The notion of choice as a mediator of dissonance processes has come to be treated as virtual magic among dissonance researchers. Quite reliably, it has been a uniquely instrumental variable in the creation of dissonance-reduction effects, especially within the sometimes perplexing forced-compliance procedure. But the discovery of choice as a crucial manipulation should in no way imply that choice bears no qualitative similarity to other variables affecting dissonance arousal. In fact, the empirical notion of "choice," which stands for certain operations and nothing more, is directly implied by the ratio formula for dissonance arousal. This point was touched upon earlier and might be elaborated briefly.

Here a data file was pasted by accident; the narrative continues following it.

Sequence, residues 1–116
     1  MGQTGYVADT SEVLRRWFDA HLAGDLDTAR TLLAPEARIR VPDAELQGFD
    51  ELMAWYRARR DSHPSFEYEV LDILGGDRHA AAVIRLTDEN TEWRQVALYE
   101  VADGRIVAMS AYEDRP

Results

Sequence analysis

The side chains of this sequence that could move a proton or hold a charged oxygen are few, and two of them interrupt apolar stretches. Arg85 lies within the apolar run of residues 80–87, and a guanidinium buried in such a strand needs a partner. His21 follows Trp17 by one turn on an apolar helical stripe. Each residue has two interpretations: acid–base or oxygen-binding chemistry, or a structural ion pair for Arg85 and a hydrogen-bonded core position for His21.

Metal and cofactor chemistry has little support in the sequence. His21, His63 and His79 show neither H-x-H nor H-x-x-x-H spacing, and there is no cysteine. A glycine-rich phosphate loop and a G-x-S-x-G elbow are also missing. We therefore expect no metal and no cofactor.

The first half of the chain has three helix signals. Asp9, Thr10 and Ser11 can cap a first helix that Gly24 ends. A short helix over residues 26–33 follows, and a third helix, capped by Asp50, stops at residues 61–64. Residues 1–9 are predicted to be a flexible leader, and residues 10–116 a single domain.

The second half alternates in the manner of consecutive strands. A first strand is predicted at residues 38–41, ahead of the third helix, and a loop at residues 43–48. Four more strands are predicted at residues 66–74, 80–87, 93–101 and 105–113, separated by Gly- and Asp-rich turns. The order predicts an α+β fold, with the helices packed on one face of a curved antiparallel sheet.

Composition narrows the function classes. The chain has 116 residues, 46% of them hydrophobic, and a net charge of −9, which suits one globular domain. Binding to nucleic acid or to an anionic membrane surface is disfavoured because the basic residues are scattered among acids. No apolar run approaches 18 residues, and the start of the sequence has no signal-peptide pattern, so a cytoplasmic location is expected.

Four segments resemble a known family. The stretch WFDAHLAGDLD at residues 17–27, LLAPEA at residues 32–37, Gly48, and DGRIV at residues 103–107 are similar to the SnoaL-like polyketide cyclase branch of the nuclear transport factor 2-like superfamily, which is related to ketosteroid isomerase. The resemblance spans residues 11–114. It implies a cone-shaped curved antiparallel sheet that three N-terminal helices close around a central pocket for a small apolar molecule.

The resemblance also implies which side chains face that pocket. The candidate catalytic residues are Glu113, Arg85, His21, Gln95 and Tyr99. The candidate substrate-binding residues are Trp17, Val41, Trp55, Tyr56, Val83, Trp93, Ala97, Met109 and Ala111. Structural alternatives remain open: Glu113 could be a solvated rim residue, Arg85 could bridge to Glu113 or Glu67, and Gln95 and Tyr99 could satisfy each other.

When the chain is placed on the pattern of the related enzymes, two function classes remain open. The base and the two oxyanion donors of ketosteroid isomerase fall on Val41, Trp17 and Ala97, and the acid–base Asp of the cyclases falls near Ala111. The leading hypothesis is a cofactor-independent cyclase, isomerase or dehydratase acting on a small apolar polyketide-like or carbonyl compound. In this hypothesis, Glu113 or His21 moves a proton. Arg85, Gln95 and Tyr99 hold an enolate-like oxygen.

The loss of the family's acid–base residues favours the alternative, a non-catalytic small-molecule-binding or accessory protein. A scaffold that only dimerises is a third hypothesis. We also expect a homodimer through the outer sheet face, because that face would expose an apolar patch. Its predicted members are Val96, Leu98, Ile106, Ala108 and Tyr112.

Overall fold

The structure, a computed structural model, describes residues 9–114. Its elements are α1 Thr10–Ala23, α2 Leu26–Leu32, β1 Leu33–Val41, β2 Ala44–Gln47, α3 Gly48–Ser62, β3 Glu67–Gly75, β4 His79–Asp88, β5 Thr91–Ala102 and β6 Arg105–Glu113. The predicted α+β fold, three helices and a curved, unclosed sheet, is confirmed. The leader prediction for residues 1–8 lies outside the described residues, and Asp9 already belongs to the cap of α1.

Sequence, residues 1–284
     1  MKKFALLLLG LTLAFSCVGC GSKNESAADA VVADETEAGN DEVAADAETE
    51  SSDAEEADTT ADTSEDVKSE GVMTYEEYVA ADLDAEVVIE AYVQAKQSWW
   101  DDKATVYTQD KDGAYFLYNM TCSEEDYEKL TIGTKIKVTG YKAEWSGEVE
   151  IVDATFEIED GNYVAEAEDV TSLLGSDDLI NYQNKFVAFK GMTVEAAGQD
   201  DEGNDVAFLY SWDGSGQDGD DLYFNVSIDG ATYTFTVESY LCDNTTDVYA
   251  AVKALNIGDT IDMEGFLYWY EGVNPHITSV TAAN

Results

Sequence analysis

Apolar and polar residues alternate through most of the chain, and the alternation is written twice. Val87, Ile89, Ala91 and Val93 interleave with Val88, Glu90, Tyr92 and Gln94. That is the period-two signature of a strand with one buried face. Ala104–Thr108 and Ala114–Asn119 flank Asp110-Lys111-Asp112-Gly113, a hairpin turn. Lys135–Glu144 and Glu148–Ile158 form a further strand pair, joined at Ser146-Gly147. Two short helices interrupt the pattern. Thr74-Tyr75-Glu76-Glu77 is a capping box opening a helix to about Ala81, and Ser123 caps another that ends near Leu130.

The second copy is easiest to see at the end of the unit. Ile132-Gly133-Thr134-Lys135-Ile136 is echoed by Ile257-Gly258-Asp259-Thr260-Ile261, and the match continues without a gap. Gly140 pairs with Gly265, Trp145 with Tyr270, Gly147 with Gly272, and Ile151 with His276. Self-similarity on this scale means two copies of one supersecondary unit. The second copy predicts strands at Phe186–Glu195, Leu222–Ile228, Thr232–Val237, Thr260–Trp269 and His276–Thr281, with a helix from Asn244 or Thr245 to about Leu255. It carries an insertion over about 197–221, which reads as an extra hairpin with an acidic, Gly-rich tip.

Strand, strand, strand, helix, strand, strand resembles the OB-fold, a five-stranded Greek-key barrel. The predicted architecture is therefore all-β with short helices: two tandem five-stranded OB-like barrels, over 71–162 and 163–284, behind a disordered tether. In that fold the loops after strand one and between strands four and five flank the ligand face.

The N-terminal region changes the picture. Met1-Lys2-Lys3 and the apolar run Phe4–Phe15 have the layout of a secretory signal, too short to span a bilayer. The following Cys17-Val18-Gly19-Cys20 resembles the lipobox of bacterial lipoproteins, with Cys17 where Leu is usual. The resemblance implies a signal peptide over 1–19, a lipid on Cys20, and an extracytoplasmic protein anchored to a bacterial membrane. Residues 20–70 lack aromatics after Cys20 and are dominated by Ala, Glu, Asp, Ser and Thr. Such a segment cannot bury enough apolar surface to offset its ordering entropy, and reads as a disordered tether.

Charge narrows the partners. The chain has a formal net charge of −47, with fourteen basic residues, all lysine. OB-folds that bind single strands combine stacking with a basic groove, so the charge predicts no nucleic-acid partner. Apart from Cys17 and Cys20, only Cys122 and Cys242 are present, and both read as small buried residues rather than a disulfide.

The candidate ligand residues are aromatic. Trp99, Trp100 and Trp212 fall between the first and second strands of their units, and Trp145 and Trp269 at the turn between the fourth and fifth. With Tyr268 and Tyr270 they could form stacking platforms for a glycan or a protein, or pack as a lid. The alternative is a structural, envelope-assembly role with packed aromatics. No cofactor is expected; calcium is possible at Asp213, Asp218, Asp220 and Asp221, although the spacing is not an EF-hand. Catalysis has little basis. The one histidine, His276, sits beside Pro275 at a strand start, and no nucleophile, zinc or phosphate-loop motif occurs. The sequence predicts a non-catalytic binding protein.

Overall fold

It is normally assumed in this analysis that the behavioral commitment, the focal point of a dissonance analysis, is by definition the primary consonant cognition. Any cognitive elements consistent with it are labeled "consonant" and serve to reduce dissonance, while elements inconsistent are labeled "dissonant" and serve to raise dissonance. For the sake of example assume that a highly intellectual student from a prestige school is asked to compose an essay favoring compulsory religious courses at his school. He privately believes the opposite, thus the commitment to defend religion should be dissonance provoking as long as there are few cognitions consistent with his commitment. Now to the choice variable.
In order to simplify the situation, assume the existence of just three relevant cognitions: the preexisting anticompulsory-religion attitude (the only dissonant cognition), the commitment to write (consonant by definition), and some degree of coercion to write (a consonant cognition):
|preexisting antireligious attitude|
|amount of dissonance||=|
|a degree of coercion|